Report from protest for blind rights at Authors Guild yesterday


5 Responses to “Report from protest for blind rights at Authors Guild yesterday”

  1. Uncle_Max says:

    I still don’t get how publishers think this will decrease the audience for audiobooks. Audiobooks have dramatic readings by (generally) excellent speakers. The Kindle just uses a robo-voice to read things. There is the whole “future technology will replicate human speech” argument, but I really don’t see that as a major concern.

    What they’re doing now by trying to eliminate this feature is just cutting down on the potential market for their books.

  2. legotech says:

    Do we know the authors that support this idiocy? I for one would like to know which books not to buy. (print or electronic)

  3. Waterlilygirl says:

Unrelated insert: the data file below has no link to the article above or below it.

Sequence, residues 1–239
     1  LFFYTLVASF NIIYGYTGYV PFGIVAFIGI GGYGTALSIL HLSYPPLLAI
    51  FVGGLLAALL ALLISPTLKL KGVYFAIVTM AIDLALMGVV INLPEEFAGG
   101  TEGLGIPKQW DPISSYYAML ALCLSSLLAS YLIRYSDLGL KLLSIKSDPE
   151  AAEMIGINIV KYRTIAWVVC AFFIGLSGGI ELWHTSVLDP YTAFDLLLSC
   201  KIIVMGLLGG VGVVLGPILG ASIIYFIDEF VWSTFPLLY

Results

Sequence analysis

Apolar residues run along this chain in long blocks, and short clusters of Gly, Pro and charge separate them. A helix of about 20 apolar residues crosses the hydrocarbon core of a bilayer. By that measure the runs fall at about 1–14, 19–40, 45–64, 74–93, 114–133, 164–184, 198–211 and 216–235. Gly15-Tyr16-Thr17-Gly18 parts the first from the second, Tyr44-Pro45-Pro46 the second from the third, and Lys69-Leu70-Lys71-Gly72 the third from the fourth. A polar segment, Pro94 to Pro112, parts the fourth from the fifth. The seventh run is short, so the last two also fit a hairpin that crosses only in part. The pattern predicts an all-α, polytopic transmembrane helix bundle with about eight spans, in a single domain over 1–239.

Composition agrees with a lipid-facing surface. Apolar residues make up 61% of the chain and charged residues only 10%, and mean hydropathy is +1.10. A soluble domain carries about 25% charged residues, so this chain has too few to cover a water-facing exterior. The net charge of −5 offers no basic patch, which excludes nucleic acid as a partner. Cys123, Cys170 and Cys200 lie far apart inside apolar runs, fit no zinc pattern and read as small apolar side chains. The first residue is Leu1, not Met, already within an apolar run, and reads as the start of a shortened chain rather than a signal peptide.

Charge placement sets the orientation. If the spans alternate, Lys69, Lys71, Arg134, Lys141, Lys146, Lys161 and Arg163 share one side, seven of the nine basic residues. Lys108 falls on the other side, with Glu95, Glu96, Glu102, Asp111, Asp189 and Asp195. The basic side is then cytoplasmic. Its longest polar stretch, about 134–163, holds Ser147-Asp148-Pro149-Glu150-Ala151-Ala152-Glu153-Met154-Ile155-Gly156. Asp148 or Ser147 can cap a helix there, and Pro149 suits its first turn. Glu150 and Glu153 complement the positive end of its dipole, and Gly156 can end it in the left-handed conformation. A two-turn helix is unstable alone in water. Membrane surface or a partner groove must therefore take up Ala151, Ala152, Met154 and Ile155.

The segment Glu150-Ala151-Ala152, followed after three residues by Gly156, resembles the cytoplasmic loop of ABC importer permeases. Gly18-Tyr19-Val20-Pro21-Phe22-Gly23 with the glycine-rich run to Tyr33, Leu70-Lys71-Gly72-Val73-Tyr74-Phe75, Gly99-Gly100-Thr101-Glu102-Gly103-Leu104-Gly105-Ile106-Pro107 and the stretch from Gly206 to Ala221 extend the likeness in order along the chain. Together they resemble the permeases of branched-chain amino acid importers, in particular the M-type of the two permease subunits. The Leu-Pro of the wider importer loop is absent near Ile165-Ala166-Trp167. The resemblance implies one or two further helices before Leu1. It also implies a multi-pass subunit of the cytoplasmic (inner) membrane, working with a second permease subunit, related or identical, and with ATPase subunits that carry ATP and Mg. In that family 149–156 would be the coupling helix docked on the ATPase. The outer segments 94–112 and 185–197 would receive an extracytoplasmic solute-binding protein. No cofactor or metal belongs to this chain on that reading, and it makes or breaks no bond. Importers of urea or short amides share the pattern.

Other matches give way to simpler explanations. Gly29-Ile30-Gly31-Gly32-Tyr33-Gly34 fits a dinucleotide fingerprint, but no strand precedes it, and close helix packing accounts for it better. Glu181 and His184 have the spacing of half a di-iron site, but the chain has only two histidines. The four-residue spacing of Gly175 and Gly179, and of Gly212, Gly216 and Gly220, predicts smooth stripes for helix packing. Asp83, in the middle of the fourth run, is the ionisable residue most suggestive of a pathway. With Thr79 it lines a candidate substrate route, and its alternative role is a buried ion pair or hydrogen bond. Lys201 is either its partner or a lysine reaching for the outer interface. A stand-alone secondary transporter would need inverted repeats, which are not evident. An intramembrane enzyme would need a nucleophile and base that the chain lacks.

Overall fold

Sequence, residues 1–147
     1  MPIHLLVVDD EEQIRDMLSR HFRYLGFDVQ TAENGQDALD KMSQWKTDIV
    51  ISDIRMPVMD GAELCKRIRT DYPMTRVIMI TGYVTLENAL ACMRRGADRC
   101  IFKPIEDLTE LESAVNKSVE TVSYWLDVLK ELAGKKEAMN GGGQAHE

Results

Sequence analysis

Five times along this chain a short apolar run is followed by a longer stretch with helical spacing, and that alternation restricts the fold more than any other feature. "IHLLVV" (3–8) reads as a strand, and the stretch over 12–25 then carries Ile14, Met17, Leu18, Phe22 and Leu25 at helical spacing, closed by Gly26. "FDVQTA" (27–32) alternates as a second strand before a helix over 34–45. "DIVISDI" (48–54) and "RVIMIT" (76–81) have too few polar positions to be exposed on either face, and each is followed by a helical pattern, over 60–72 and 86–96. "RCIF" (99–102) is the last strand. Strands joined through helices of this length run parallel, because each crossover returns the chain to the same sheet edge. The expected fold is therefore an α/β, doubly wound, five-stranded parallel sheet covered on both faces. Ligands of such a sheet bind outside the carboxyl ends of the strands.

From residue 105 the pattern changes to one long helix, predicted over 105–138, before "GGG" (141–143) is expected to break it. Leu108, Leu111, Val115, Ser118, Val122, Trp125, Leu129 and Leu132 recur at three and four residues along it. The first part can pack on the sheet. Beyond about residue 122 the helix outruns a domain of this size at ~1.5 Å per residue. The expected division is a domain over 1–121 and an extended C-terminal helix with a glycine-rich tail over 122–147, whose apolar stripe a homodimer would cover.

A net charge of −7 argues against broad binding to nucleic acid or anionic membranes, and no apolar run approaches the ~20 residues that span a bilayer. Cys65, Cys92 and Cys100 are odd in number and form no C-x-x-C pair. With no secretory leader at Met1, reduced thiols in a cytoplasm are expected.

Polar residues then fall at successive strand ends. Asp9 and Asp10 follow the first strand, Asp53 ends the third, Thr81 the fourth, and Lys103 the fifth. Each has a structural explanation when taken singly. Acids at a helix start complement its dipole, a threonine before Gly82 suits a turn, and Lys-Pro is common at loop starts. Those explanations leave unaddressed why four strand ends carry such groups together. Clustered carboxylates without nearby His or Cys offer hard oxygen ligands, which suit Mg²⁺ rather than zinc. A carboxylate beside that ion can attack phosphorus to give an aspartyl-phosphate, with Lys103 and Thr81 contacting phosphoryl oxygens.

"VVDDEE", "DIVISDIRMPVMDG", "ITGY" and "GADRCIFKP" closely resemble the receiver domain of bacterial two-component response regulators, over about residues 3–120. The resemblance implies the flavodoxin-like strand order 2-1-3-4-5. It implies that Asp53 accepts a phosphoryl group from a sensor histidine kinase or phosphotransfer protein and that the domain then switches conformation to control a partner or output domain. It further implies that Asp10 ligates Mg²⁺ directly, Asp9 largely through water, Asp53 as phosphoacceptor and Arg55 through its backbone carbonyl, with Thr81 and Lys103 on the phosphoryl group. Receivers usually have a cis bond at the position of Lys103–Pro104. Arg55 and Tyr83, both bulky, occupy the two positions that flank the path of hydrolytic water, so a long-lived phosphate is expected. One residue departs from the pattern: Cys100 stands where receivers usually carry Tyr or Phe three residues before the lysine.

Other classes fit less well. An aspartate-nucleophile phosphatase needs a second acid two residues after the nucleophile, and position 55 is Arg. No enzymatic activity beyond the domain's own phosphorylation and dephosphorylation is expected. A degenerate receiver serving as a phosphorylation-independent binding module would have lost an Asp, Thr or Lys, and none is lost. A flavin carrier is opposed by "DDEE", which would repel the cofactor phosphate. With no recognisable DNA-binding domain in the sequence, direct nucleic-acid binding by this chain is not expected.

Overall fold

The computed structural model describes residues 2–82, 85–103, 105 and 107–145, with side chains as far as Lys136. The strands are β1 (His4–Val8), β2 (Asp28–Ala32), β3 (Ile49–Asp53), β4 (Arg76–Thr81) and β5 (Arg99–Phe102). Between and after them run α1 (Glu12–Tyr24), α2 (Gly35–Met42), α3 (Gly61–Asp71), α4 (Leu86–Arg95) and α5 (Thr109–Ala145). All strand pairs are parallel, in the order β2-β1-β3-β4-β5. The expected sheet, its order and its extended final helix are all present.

I have a Kindle 2… The text to speech is not pleasant to listen to (although the female voice seems to be a bit better than the male). The computer voice doesn’t always pronounce words correctly which can be a little distracting. It’s an absurd fight over nothing. Audio Book listeners will continue to listen to Audio Books. I doubt they’d cough up the $359.00 to listen to a generic, synthetic voice when they can do what my mother does and check them out of the library for free.

  4. Gilbert Wham says:

    I’m still unsure as to how people capable of enough structured thought to write, presumably, at least one book thought it would be a good idea to publicly be jerks to blind people. I mean, how does that idea even fly?

  5. Kathy L says:

    The key here, I think, is to vote with our feet. Find out before you buy a Kindle version of a book if it has text-to-speech enabled or disabled. If it’s disabled, don’t buy it. Buy ONLY Kindle books that haven’t insisted on gimping the reasonable capabilities of the device you purchased. If the text-to-speech enabled books far outsell the gimped ones, that hits them in the only place that matters. The bottom line.

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